Talk by Rebecca Arnott: The history of the Museum of Richmond. Followed by drinks and nibbles

Mon 10 December 2018
8:00 pm - 9:45 pm

Duke Street Church

The Queen formally opened the Museum on 28 October 1988

**Admission to the talk is free to members of the Richmond Local History Society. Non-members are very welcome and will be invited to pay £4 on the door. All our door takings this evening will be donated to the Museum. We don’t sell advance tickets – there is no need to book as the venue has plenty of space and you can be sure to find a seat.

**Everyone is welcome after the talk to our customary seasonal party, with drinks and nibbles.

Rebecca Arnott

The Museum of Richmond tells the story of Richmond from its origins in the medieval period, to its rise to prominence as a royal residence and its status as a centre of the arts and fashion. Opened in 1988 through the hard work of local people, the Museum is celebrating its 30th anniversary.  Rebecca Arnott, the Museum’s curator, is giving this talk to coincide with its 30th anniversary exhibition 30 years, 30 people, 30 objects which runs until February 2019.

The plans for a Museum for Richmond were first mooted in 1843 when a room was to be set aside for the purpose in the new Mechanics Institute (the present Dome building on the Quadrant). However, this never happened, and it wasn’t until 1983, when a group of local residents under the leadership of local historian John Cloake, that plans were revived. It was obvious that a town with the rich history of Richmond should have a museum to tell its story.The Museum found a home on the second floor of the renovated Old Town Hall. Queen Elizabeth II formally opened the Museum when she opened the new Riverside Development on 28 October 1988. It was designed by Robin Wade and Pat Read Design Associates. Robin Wade was a local resident and well-known museum designer who had been responsible for designs for museums such as the Ironbridge Gorge Museum and galleries at the Science Museum and British Museum.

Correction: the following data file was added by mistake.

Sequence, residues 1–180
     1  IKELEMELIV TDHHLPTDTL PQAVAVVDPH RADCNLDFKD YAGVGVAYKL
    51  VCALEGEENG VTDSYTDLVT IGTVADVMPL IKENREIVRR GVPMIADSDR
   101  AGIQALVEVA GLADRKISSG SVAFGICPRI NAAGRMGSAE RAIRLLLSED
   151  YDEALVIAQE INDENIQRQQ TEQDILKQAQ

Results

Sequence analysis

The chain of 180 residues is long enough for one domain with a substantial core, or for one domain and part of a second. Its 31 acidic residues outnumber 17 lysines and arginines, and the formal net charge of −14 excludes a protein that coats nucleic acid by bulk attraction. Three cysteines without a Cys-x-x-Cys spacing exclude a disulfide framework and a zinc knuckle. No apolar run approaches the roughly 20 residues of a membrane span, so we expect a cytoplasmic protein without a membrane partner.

The collection covers the area of the old pre-1965 Borough of Richmond which comprised Richmond, Ham, Petersham and Kew. The foundation of the collection came from the Borough collection then stored at Orleans House, but has grown considerably over the years. Through a wide-ranging education service and special exhibitions, the Museum embraces the whole area of the present London Borough of Richmond upon Thames.

John Cloake became the Museum’s first Chairman and Bamber Gascoigne its first Patron.

Rebecca Arnott became Curator and Executive Officer of the Museum of Richmond in June 2017. Following a BA in History and Archaeology at the University of Sheffield, she studied for an MA in Art Gallery and Museum Studies at the University of Manchester. Rebecca’s first museum role was Front of House at Helmshore Mills Museum in Lancashire before moving to Kent for an internship at the Royal Engineers Museum, Library & Archive. Since then Rebecca has held posts at Nottingham City Museums & Galleries, which include Nottingham Castle and Wollaton Hall, and at Maidstone Museums.

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